The novel Truflunin (‘Disturbance’, translated into English by Brian Fitzgibbon, not yet published) is about a small area that is different from the world around it. In the view of the authorities, this is unacceptable! It is a novel of the future, in which the novel form is used to analyse the paradoxes of our own time.
The ‘disturbed’ area includes the streets of downtown Reykjavík that are named after the pagan gods. The street of Odinsgata thus plays a central role here, as does the square of Odinstorg and Hotel Odinsvé. Outside the disturbed area lies the surrounding world. It is multinational, and ethnicity plays almost no part in it. The protagonist has acquired the much-sought-after permission to pass through a mysterious veil or wormhole and enter the disturbed area. Her mission, when she enters the Disturbance, is to find an explanation for what is going on in there. However, it certainly cannot be said that everything on this mission is as it seems. The world of the novel is divided into two parts: the outside world and the Disturbance. In these two worlds, time does not move at the same pace, but many other things are also unclear. The Disturbance, according to the novel, is a hole in the surrounding world which opened into the novel on 5 March 2030.
The real subject of the book is the way in which, in a computer-controlled world, our consciousness has been spread across the globe, linked to the Internet, and that we are thus all, in a sense, turning into only slightly divergent versions of a single form of consciousness. Our individual characteristics are being erased in the flow of technology. Who can permit themselves to claim that they are special or different from other people? Nonetheless, individualism may never have reached such heights as it does now. The paradoxes of today’s world are certainly clear.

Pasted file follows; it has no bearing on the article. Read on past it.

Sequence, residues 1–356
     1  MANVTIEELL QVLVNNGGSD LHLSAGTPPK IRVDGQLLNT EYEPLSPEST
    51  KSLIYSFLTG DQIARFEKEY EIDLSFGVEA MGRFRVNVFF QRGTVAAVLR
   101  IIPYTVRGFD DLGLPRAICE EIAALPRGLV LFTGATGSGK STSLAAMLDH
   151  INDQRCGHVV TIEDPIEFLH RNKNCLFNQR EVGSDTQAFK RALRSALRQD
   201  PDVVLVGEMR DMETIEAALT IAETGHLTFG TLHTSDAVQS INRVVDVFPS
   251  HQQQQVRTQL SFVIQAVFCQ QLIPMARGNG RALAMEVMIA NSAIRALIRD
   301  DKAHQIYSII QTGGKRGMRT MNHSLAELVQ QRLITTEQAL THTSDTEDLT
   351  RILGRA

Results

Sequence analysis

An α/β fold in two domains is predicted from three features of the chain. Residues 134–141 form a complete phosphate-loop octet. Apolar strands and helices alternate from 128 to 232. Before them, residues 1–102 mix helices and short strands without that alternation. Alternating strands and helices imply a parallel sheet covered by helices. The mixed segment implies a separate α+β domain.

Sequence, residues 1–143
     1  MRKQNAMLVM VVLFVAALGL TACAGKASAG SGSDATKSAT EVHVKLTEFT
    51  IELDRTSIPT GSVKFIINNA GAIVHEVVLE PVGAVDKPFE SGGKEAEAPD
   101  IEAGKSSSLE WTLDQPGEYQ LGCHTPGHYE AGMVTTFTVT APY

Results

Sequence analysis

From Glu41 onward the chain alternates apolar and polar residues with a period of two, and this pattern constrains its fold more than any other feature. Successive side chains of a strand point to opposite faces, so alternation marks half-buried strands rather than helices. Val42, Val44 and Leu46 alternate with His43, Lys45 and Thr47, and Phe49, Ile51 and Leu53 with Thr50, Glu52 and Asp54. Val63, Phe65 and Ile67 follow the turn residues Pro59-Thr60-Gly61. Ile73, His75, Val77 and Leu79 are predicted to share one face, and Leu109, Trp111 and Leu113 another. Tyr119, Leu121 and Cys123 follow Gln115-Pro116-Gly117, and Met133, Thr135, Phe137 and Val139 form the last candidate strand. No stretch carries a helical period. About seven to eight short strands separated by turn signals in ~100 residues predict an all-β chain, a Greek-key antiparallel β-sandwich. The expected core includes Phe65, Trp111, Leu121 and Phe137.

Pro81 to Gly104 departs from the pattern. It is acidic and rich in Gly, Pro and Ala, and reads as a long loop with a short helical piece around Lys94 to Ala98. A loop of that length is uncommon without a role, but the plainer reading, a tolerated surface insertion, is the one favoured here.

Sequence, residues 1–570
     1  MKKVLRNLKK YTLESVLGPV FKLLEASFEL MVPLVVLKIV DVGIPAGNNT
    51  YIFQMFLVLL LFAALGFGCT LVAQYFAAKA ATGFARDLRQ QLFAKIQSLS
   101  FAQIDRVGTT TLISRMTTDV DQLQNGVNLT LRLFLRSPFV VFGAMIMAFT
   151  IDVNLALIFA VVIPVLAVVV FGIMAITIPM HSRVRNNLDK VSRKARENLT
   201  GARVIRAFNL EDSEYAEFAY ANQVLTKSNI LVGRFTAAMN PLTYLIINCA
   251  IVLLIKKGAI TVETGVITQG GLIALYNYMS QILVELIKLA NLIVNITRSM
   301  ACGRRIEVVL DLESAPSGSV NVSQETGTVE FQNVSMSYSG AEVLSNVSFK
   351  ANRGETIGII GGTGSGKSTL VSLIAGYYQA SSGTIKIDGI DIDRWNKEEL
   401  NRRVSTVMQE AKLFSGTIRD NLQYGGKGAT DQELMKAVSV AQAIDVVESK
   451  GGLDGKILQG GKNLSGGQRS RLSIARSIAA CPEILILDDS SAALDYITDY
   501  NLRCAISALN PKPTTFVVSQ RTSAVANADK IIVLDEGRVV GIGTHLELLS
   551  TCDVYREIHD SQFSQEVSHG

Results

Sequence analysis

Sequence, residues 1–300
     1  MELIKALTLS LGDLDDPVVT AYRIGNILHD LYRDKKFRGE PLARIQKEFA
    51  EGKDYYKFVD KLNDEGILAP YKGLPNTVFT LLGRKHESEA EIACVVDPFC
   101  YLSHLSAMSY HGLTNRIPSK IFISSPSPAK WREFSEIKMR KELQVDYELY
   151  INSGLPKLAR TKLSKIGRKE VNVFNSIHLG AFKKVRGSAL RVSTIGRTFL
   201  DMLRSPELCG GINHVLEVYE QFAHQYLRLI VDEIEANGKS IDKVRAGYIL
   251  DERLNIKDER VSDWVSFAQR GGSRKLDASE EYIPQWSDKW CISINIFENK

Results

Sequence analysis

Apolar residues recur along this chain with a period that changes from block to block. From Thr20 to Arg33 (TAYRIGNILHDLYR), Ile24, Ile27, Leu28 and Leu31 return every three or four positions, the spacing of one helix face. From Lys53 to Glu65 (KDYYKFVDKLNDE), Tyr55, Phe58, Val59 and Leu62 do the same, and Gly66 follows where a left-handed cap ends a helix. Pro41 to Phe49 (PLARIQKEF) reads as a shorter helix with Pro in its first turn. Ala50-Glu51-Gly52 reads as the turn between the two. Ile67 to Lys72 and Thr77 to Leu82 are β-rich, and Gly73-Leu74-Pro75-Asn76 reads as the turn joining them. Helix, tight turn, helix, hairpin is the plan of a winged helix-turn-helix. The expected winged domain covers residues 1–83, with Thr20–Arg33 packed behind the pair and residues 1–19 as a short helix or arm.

The questions that arise during the reading of this novel are the big questions on the ethics of science and the present day. Some of them are familiar: When will artificial intelligence become so powerful that it will be indistinguishable from human intelligence? If the imitation of human intelligence can be perfected, will it be more perfect than the intelligence that each of us has been given? In films and literature, conflicts are often portrayed between humans and supercomputers, cyborgs or aliens. Such clashes usually end with the human spirit winning a narrow victory, which relies on mankind’s ability to love and believe – but who says that this is not also something that can be learned?
It is quite ironic that in the book, this old city centre of Reykjavík plays the role of becoming the anachronism and disruption of the world. Perhaps we Icelanders have been an anachronism and a disturbance for longer than we are even aware of?
Steinar Bragi Guðmundsson (born 1975) has published a large number of books and is regarded as one of Iceland’s most respected authors.
“How do you describe what happens when a person moves from one world to another, and there is no way back?” Steinar Bragi has said about his novel Truflunin.